• getright

    tpab so far ahead of its time, its crazy. never heard better jazz than this album, I had to go back to the 50s to see something as good

    • Megan Levitt

      I looked at the bank draft 4 $4718 , I be certain that...my... father in law was like actualy bringing home money in their spare time online. . there mums best friend has done this 4 less than 23 months and at present cleared the morgage on their place and bought a new audi . Read Full Report >>>>>>>>> 2.gp/F3aa

  • azrethd

    I don't think tpab will be topped this decade. and I'm not even a fan

  • zeerax

    yeah TPAB is officially the highest rated album since the year 2000. its crazy its composition is far ahead of everything else that dropped these last 10 years... greatest album of the last 15 years in any musical genre

  • WTC

    I appreciate what Kendrick did, TPAB is in it's own right a great album. But let's not get carried away with dropping to our knees in front of Kendrick. This shit is seriously getting out of hand, but I will say Kendrick's hype train is moving so damn fast that albums like Dirty Diggs' "Rodman", Lupe's "T&Y", and Mello Music Group's "Persona" are getting lost in all the white noise. It's a damn shame because some really good albums have been released this year but tunnel vision has taken hold.

  • roy

    hip hop originated in USA but we know and appreciate hiphop more that you guys, i'm from SA but we loving kendric album and rating it as a classic without any debate, but you still debating whether its dope, you busy buying young thug and 2chainz's albums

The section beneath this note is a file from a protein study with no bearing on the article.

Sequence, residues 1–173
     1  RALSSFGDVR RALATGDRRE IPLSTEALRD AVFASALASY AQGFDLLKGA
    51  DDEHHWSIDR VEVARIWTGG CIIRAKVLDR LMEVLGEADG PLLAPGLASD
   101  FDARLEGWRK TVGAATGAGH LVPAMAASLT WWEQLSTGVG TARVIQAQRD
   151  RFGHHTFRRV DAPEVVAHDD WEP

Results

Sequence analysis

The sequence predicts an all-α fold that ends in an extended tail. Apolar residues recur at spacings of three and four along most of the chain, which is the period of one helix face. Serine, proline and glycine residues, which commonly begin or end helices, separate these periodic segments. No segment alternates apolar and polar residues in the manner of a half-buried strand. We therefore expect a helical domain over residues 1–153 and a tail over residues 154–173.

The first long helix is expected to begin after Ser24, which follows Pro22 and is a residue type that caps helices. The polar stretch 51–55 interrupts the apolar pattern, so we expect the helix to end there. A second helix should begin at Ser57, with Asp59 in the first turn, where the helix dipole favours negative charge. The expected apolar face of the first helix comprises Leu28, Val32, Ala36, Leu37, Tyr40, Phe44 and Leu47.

• Robb Watts

    Damn niggas really hating on K.Dot's TPAB. Someone finally drops an album that brings true essence of hip hop and delivers a great message to the youth, brings positivity, and the best part he's uplifting African Americans to stand against anyone that don't like us or our culture. And u got dumb ass niggas saying it's weak that everybody dick riding.. I bet u the same niggas that listen to Chief Keef, Bobby Shmurda, waka, lil b, list goes on. U niggas live in a box and need to wake up and get out of it.

  • MIkeSe

    I read HIP HOP DX reviews to laugh cause ya'll never really get it rght. Ya'll are super biased to who/whats poppin. Kendrick's "TPAB" is tough but it takes a lot for it to grow on you. Ya'll can't undermine other projects such as Lupe's "Testuo and Youth" because Kendrick is what's ringing bells at the moment. Check ya staff.

  • WTF

    Clearly Someone paid HHDX for these insane TPAB reviews that got most yall Stan'ing to this lame joint! Big Sean - DSP Wale - TAAN Joey Bada$$ - b4 da $$ Are way better than that album of farts by Kendrick.

  • Jack

    Tetsuo and Youth is a masterpiece of art. Just because TPAB is also fantastic doesn't take away from that.

  • kendrick gay

    yall just dick riding on kndrick suck his dick then

  • Soui

    I'm a fan of pretty much all the albums you mentioned. TPAB included. But you're showing dick riding at its finest. To say no other album will even touch it is stupid. Comparing albums that have been made for different purposes is sucker move anyway, most artists will tell you that.